Mood Disorders Unit, HUG - Geneva University Hospitals, Geneva, Switzerland.

Bipolar disorder (BD) is a common, highly heritable neuropsychiatric disease characterized by recurrent episodes of mania and depression. Lithium is the best-established long-term treatment for BD, even though individual response is highly variable. Evidence suggests that some of this variability has a genetic basis. This is supported by the largest genome-wide association study (GWAS) of lithium response to date conducted by the International Consortium on Lithium Genetics (ConLiGen). Recently, we performed the first genome-wide analysis of the involvement of miRNAs in BD and identified nine BD-associated miRNAs. However, it is unknown whether these miRNAs are also associated with lithium response in BD. In the present study, we therefore tested whether common variants at these nine candidate miRNAs contribute to the variance in lithium response in BD. Furthermore, we systematically analyzed whether any other miRNA in the genome is implicated in the response to lithium. For this purpose, we performed gene-based tests for all known miRNA coding genes in the ConLiGen GWAS dataset ( = 2,563 patients) using a set-based testing approach adapted from the versatile gene-based test for GWAS (VEGAS2). In the candidate approach, showed a nominally significant association with lithium response, providing some evidence for involvement in both development and treatment of BD. In the genome-wide miRNA analysis, 71 miRNAs showed nominally significant associations with the dichotomous phenotype and 106 with the continuous trait for treatment response. A total of 15 miRNAs revealed nominal significance in both phenotypes with showing the strongest association with the continuous trait ( = 9.80E-04) and with the dichotomous phenotype ( = 5.79E-04). No association between miRNAs and treatment response to lithium in BD in either of the tested conditions withstood multiple testing correction. Given the limited power of our study, the investigation of miRNAs in larger GWAS samples of BD and lithium response is warranted.
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http://dx.doi.org/10.3389/fpsyt.2018.00207DOI Listing
http://www.ncbi.nlm.nih.gov/pmc/articles/PMC5991073PMC
May 2018

Analysis of the Influence of microRNAs in Lithium Response in Bipolar Disorder.

Front Psychiatry 2018 31;9:207. Epub 2018 May 31.

Mood Disorders Unit, HUG - Geneva University Hospitals, Geneva, Switzerland.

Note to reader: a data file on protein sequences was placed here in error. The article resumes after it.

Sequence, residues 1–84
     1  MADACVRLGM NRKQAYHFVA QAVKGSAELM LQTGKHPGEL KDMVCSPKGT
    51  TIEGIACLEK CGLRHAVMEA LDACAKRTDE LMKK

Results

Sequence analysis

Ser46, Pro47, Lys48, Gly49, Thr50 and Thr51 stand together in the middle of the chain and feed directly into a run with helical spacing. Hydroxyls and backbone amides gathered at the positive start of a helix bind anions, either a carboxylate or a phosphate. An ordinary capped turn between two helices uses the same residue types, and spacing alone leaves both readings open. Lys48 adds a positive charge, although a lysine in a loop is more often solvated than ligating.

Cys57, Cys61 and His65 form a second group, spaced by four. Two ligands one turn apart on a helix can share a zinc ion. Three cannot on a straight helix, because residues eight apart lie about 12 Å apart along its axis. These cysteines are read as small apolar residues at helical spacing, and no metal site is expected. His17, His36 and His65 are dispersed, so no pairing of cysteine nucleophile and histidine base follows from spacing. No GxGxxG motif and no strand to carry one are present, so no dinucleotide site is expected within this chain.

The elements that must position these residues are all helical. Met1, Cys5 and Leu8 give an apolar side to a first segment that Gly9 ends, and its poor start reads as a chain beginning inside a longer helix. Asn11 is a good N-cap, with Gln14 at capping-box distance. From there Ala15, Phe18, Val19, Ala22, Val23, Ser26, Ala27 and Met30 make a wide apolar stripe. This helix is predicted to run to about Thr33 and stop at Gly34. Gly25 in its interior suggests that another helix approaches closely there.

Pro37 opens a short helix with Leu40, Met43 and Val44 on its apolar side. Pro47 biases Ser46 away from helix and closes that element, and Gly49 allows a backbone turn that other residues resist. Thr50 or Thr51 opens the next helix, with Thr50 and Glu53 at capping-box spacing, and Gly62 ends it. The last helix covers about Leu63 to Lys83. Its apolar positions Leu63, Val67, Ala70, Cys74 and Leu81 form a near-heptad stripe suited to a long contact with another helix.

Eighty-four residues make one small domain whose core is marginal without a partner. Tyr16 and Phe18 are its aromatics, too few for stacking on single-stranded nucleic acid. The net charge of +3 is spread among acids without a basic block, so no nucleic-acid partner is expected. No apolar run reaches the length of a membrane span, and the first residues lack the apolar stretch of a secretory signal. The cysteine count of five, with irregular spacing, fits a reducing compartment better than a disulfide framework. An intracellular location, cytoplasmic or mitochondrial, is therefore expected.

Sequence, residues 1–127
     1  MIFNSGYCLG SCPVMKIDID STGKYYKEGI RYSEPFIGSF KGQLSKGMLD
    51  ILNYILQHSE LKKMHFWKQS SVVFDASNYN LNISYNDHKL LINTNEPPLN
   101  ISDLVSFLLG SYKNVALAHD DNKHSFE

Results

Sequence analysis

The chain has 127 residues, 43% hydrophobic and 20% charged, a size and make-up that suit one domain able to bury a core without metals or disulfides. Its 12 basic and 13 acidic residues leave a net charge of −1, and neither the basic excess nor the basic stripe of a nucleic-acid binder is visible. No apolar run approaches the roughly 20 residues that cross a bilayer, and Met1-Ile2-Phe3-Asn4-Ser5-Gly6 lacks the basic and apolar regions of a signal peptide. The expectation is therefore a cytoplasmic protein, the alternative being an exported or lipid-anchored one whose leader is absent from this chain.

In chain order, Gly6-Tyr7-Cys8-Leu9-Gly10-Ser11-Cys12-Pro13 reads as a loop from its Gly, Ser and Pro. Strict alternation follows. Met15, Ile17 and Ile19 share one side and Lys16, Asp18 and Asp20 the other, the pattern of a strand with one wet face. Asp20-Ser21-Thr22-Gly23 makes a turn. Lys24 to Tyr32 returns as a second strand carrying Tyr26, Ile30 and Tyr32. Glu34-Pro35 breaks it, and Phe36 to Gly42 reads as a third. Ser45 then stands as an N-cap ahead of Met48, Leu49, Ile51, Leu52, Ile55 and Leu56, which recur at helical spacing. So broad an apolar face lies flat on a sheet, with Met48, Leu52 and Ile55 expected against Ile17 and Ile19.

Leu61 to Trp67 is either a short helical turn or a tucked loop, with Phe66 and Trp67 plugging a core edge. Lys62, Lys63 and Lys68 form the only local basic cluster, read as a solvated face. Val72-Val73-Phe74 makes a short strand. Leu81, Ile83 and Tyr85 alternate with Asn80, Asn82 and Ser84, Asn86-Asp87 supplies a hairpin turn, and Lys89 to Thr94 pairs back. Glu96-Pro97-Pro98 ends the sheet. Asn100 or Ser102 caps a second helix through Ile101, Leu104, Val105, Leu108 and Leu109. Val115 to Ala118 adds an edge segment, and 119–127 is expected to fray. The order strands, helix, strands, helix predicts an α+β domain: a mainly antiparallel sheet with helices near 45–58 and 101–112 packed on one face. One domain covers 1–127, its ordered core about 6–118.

Bipolar disorder (BD) is a common, highly heritable neuropsychiatric disease characterized by recurrent episodes of mania and depression. Lithium is the best-established long-term treatment for BD, even though individual response is highly variable. Evidence suggests that some of this variability has a genetic basis. This is supported by the largest genome-wide association study (GWAS) of lithium response to date conducted by the International Consortium on Lithium Genetics (ConLiGen). Recently, we performed the first genome-wide analysis of the involvement of miRNAs in BD and identified nine BD-associated miRNAs. However, it is unknown whether these miRNAs are also associated with lithium response in BD. In the present study, we therefore tested whether common variants at these nine candidate miRNAs contribute to the variance in lithium response in BD. Furthermore, we systematically analyzed whether any other miRNA in the genome is implicated in the response to lithium. For this purpose, we performed gene-based tests for all known miRNA coding genes in the ConLiGen GWAS dataset ( = 2,563 patients) using a set-based testing approach adapted from the versatile gene-based test for GWAS (VEGAS2). In the candidate approach, showed a nominally significant association with lithium response, providing some evidence for involvement in both development and treatment of BD. In the genome-wide miRNA analysis, 71 miRNAs showed nominally significant associations with the dichotomous phenotype and 106 with the continuous trait for treatment response. A total of 15 miRNAs revealed nominal significance in both phenotypes with showing the strongest association with the continuous trait ( = 9.80E-04) and with the dichotomous phenotype ( = 5.79E-04). No association between miRNAs and treatment response to lithium in BD in either of the tested conditions withstood multiple testing correction. Given the limited power of our study, the investigation of miRNAs in larger GWAS samples of BD and lithium response is warranted.